Nina Jablonski is a biological anthropologist who is recognized for her contributions to the understanding of primate and human evolution, especially to questions not answered directly from the fossil record such as the evolution of human skin and skin pigmentation. She grew up in rural upstate New York, and developed a love of nature and fossils as a child. She received an A.B. in Biology at Bryn Mawr College and a Ph.D. in Anthropology at the University of Washington. She has held academic positions at the University of Hong Kong, The University of Western Australia, the California Academy of Sciences, and The Pennsylvania State University. She is an elected Member of the National Academy of Sciences and of the American Philosophical Society, an elected Fellow of the American Academy of Arts and Sciences and of the American Association for the Advancement of Science, and is a recipient of an Alphonse Fletcher, Sr., Fellowship and a Guggenheim Fellowship. In addition to a large body of scholarly papers, Jablonski has written two popular books for adults: Skin: A Natural History (2006) and Living Color: The Biological and Social Meaning of Skin Color (2012), as well as a book for children, Skin We Are In (2018). A dedicated public scientist and science educator, Jablonski received an honorary doctorate from the University of Stellenbosch in South Africa in 2010 for her contribution to the worldwide fight against racism.

Research Interests

Nina Jablonski studies primate and human evolution in relation to environmental change. Trained originally in paleontology and comparative anatomy, she has documented the evolution of numerous lineages of Old World monkeys, including the geladas of Ethiopia and the golden monkeys of China, and described the first fossil chimpanzee. Fascinated increasingly over the years by the important but unheralded roles of skin and skin pigmentation in evolution, she focused her research on the origins of mostly naked human skin and diverse human skin colors. In 2000, Jablonski and her collaborator husband, George Chaplin, put forward the dual cline theory (or vitamin D-folate theory) for the evolution of human skin pigmentation that accounts for why dark skin evolved under conditions of high ultraviolet radiation (UVR) in the tropics while lighter skin was favored under conditions of lower UVR nearer the poles. She and members of her lab continue to study many aspects of the evolution of the integument in humans, including the effects of skin pigmentation on human health and psychosocial well-being, the evolution of hair and hair texture, and the development of skin color and hair texture as racialized traits and human preoccupations. Her work on the history of color-based races has identified key events and figures in the European Enlightenment as being instrumental in creating misleading and inaccurate classifications of humans that continue to influence human thinking and actions to the present day.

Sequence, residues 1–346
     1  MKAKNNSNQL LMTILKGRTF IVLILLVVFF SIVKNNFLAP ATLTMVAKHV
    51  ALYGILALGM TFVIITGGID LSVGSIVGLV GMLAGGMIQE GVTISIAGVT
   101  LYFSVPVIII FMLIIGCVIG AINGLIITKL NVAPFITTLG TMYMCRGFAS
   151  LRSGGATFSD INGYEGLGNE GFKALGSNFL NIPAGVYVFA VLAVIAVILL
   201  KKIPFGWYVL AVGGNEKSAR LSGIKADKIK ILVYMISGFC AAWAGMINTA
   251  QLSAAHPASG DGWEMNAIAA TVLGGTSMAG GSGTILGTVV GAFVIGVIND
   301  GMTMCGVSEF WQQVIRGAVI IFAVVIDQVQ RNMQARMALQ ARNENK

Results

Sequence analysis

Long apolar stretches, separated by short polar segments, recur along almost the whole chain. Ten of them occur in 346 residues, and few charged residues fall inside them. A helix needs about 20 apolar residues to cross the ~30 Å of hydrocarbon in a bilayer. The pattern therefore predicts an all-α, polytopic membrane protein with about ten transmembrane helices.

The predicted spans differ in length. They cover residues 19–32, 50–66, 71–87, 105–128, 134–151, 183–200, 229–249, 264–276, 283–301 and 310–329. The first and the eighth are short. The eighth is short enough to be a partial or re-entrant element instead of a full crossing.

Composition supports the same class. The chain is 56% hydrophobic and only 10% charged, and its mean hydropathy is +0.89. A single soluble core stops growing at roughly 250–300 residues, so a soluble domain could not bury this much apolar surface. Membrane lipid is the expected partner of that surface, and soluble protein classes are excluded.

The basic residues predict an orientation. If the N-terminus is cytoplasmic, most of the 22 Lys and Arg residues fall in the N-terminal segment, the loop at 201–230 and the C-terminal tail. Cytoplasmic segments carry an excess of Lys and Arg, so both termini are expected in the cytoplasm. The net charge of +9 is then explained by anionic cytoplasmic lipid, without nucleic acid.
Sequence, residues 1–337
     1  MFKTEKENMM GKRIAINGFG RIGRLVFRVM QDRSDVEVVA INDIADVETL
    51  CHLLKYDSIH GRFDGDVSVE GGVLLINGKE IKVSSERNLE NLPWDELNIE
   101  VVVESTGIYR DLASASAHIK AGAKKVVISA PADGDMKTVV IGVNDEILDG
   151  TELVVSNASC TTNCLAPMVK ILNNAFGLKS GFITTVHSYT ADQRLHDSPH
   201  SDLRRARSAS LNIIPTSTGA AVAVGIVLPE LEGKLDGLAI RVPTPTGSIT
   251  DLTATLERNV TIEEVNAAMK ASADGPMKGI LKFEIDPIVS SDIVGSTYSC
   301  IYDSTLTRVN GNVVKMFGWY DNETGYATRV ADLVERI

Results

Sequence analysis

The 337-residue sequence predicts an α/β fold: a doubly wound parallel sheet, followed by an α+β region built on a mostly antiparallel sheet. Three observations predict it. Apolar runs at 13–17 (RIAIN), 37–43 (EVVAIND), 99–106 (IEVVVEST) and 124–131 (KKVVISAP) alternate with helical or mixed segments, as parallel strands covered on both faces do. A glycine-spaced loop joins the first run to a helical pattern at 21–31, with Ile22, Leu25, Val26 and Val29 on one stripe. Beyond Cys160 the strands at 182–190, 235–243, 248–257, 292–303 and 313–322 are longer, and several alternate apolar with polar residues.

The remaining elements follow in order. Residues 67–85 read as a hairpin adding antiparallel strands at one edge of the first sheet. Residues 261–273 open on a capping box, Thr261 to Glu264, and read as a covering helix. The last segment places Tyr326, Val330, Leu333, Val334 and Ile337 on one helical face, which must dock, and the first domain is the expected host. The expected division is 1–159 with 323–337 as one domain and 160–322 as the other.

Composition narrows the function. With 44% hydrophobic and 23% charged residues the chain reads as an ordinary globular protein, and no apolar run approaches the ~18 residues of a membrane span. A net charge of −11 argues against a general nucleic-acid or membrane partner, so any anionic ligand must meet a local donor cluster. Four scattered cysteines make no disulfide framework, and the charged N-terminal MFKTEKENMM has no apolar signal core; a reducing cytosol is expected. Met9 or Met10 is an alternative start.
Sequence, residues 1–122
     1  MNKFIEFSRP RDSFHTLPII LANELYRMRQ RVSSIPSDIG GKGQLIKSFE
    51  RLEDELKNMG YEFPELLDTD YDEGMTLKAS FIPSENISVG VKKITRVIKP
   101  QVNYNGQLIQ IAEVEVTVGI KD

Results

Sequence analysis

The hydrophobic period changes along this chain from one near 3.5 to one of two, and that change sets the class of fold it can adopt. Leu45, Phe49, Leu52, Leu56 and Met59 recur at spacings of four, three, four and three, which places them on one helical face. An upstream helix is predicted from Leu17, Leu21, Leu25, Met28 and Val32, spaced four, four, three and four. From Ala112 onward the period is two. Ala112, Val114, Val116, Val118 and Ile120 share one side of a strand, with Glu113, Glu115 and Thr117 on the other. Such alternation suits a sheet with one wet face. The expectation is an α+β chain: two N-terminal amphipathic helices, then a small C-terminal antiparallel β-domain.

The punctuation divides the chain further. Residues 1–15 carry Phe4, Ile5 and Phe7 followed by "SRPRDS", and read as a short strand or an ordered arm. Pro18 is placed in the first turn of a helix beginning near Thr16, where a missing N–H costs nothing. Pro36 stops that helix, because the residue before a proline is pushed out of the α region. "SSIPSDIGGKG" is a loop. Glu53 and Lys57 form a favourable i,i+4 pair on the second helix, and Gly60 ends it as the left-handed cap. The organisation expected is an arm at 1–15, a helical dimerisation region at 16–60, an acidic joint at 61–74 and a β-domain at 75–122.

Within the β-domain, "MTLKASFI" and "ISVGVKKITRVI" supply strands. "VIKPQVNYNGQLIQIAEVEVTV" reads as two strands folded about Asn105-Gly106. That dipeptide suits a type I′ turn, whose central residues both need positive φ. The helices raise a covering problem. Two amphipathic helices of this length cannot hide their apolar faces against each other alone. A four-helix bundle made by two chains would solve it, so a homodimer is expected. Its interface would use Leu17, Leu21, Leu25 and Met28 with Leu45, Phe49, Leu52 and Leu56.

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Primary Section

Section 51: Anthropology

Secondary Section

Section 27: Evolutionary Biology